Two new contributions: Deep learning and dynamics on networks

While still under lockdown due the COVID-19 pandemic, the Dynamica Lab remains as active as ever! Indeed, the group recently posted two new preprints discussing the use of Deep learning to access dynamical systems on networks and their applications:

Detecting structural perturbations from time series with deep learning

Small perturbations in the structure of complex systems can lead to critical scenarios, from functional breakdowns in the brain to economic crises. Hence, our ability to prevent these situations is directly linked to our ability to detect these perturbations before the tipping point. To address this issue, this paper proposes a data-driven approach based deep learning to infer broken links directly from time series. As shown below, this extremely versatile tool is successfully applied to multiple cases, from epidemic spreading, to population and neural dynamics. The approach is proved highly effective in realistic settings involving noise in the time series and limited training data, while remaining computationally scalable to large systems.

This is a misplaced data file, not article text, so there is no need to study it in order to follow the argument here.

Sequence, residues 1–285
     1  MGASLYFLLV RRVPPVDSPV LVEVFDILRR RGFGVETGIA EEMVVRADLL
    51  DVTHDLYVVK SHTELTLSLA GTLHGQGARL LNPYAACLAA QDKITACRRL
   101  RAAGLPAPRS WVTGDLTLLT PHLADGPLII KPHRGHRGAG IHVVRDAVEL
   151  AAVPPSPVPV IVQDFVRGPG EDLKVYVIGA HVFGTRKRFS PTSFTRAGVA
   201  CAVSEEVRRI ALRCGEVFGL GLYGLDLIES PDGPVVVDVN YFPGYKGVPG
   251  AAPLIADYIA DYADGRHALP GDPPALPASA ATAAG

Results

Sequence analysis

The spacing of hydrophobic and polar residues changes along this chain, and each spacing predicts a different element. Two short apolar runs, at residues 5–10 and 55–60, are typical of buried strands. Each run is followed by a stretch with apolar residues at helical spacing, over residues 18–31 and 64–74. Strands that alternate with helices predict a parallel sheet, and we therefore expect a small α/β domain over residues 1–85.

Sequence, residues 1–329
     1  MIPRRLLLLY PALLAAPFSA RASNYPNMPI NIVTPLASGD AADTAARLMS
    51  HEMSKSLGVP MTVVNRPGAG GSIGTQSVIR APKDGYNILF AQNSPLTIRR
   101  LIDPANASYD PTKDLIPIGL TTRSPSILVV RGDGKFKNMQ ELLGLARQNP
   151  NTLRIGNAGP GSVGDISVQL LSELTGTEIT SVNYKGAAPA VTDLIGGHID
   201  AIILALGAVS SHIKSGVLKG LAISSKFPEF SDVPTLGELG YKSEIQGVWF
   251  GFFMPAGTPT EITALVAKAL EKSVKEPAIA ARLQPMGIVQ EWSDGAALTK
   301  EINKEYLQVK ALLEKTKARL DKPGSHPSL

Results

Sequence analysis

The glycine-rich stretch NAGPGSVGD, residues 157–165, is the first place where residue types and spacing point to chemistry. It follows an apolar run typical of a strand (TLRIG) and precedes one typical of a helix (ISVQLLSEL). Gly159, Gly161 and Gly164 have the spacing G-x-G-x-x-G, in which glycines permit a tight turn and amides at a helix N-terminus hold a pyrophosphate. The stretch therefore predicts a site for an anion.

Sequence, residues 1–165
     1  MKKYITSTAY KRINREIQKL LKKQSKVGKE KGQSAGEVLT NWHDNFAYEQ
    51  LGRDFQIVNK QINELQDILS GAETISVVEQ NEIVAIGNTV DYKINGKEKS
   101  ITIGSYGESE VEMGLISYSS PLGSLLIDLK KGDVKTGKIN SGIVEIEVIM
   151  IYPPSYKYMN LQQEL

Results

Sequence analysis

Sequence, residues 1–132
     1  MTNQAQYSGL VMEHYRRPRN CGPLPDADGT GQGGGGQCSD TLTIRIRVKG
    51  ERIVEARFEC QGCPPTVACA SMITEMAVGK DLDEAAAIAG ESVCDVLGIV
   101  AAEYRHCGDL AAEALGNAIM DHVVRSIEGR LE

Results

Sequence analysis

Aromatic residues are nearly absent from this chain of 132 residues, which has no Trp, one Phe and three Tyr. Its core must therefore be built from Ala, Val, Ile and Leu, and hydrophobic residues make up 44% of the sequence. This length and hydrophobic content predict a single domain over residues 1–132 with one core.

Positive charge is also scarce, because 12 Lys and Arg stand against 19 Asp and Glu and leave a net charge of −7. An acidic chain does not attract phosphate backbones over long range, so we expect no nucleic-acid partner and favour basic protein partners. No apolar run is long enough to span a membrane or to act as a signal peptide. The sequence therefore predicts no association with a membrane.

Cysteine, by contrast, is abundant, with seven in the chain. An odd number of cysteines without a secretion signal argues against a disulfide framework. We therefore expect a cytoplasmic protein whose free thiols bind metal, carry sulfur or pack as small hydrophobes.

Accuracy of the detection of broken links for (A--C) epidemic spreading, (D--F) population dynamics and (G--I) neural dynamics.
Deep learning of stochastic contagion dynamics on complex networks

Forecasting the propagation of infectious diseases is a complex problem, which is only partially addressed by simple mechanistic models. This paper presents a complementary and data-driven approach to modeling dynamics on networks using graph neural networks (GNN), ranging from simple contagion, to complex and interacting contagion. It is shown that GNNs can be trained to effectively reproduce the inner mechanisms of contagion dynamics—that is, their transition probabilities—with surprising accuracy (see below). The paper also addresses the possibility to use GNNs to gain insights about the critical behaviors of contagion dynamics from data—some kind of numerical Petri dish.

Transition probabilities for (A) simple and (B) complex contagion dynamics as predicted by the GNN model. The predictions of the GNN are compared to the transitions probabilities as given by the process that generated the time series (GT, for ground truth) and the maximum likelihood estimators (MLE).